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NerdWallet Moms Share Their Personal Finance Tips

Corporate News, Personal Finance

Parenthood brings joy — and new layers of complicated financial decisions. At NerdWallet, some of our personal finance experts are also parents who are navigating those choices. In honor of Mother’s Day, some of our Nerd moms share lessons they learned while preparing for their new family members, after the kids arrived, and from their own moms.

Be sure to follow us on Twitter and Facebook for more great tips from Nerd moms, and check back next month to hear from our Nerd dads!

Amirah Raveneau-Bey, Sales Nerd


What are some financial lessons that you’ve learned since being a mom, or as you were preparing to become a mom?

It is never too early to talk about money and why we make the financial decisions we do.  It is also important to teach them that money is not just for our own personal wishes but to donate to causes we care about and to save for the moments that we can’t foresee.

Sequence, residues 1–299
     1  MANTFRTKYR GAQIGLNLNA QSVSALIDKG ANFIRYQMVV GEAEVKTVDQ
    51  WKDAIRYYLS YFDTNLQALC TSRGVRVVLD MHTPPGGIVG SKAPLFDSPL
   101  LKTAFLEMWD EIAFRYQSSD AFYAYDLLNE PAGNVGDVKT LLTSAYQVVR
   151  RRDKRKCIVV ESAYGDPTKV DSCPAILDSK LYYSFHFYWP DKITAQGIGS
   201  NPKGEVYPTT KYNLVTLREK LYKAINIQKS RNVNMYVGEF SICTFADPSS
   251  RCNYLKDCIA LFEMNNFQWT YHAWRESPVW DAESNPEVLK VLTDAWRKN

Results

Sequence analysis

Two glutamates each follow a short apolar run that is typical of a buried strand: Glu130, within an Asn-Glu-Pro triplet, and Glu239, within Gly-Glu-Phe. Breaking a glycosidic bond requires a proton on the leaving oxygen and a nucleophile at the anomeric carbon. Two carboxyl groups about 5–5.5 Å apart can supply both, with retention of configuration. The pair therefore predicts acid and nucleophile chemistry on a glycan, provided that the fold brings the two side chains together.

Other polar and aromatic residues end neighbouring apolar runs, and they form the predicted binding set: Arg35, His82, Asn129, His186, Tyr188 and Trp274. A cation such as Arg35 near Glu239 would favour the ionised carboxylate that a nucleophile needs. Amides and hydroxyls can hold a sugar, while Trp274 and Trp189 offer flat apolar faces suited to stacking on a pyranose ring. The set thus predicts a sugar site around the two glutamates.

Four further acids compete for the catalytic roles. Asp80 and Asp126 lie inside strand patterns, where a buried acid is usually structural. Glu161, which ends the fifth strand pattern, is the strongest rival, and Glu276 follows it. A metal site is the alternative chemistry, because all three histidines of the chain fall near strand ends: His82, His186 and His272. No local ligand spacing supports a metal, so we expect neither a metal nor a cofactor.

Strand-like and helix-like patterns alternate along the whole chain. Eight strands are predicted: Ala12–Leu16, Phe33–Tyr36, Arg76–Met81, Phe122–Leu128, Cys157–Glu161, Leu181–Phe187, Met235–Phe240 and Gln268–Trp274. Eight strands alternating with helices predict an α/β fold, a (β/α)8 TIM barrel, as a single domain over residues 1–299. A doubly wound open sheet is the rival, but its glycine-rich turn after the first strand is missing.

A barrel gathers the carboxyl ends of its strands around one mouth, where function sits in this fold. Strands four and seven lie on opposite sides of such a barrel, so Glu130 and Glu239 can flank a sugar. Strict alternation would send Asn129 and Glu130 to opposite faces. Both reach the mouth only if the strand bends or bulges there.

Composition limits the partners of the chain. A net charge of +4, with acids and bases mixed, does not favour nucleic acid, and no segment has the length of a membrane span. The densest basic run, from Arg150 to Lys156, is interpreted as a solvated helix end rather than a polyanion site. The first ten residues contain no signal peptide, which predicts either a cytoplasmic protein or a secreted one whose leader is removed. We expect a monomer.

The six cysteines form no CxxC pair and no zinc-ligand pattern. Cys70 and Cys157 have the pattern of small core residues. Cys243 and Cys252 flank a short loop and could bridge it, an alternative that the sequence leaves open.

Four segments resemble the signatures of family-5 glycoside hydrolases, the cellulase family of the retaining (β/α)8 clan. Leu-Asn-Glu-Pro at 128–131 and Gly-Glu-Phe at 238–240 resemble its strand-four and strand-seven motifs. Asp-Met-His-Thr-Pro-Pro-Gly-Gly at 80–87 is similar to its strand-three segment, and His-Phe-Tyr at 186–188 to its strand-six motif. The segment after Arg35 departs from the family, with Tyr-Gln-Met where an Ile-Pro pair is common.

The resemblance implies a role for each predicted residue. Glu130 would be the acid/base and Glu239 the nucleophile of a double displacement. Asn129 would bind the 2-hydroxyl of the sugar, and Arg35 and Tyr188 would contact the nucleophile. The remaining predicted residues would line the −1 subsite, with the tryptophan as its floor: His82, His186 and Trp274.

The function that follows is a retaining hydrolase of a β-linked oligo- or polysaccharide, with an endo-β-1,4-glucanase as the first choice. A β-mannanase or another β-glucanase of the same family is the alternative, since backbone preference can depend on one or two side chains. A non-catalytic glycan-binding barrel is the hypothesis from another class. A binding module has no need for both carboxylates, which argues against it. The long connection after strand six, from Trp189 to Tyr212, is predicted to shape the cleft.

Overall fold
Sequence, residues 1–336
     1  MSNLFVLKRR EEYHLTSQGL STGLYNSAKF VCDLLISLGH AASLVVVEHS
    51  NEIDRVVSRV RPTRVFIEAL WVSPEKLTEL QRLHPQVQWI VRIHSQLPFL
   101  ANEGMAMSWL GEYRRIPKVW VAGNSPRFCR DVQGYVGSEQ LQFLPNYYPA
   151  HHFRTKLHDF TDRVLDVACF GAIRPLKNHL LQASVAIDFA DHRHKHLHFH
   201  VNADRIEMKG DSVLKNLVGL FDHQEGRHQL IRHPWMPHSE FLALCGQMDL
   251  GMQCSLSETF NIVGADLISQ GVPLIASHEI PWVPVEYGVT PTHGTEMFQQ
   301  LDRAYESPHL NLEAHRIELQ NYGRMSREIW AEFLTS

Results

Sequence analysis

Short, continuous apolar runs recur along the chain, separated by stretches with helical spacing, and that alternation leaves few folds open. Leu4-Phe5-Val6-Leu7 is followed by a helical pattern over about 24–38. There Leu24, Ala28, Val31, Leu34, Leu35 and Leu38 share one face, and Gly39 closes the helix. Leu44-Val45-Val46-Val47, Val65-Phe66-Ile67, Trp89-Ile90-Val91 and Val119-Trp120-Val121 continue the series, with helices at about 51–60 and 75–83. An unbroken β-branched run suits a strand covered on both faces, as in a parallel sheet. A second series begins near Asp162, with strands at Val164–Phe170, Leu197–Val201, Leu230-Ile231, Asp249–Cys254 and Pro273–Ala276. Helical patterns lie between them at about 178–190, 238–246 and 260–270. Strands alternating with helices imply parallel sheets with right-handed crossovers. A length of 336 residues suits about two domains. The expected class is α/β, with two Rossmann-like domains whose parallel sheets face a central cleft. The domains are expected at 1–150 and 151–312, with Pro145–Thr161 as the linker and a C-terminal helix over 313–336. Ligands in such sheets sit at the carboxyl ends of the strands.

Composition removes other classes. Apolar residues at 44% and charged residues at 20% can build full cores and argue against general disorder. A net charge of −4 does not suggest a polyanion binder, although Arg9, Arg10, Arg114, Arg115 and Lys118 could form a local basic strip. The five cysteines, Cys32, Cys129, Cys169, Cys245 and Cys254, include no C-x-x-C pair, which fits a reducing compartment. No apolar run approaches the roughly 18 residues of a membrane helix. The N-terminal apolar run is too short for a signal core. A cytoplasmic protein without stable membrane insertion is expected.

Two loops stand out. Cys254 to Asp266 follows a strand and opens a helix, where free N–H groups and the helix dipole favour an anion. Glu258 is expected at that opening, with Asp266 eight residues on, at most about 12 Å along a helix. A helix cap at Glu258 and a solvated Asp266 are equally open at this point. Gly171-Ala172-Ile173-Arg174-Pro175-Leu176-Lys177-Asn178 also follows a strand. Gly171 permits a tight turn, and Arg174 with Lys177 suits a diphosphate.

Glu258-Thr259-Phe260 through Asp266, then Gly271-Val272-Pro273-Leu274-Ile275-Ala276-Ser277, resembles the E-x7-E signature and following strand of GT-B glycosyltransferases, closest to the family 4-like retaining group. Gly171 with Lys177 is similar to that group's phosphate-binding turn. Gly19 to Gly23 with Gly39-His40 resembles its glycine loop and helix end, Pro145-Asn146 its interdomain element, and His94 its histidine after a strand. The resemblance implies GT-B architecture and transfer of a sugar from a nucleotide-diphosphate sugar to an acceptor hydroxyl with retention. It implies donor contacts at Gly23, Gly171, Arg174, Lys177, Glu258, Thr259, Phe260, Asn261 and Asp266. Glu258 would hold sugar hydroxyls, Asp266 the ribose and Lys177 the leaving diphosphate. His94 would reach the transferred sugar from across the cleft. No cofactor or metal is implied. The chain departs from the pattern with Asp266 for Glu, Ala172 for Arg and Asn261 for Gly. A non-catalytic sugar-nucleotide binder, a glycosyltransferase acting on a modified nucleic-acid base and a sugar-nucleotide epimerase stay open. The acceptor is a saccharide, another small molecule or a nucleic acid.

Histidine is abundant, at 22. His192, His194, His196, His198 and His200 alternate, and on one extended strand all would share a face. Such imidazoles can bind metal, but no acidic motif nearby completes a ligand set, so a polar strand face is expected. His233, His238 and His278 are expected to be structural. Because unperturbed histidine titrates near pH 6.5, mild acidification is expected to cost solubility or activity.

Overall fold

What financial advice would you give to other moms-to-be?

Get your finances organized before the baby gets here. Once the kids come, it will be hard to find more time in your day. If you can also start to define your joint goals and get them started before kids are around is also beneficial. When you are knee-deep in kids activities, work and life, you can then focus on ensuring the plan is actually getting you closer to your outcome.

What do you (or will you) tell your children when it comes to money?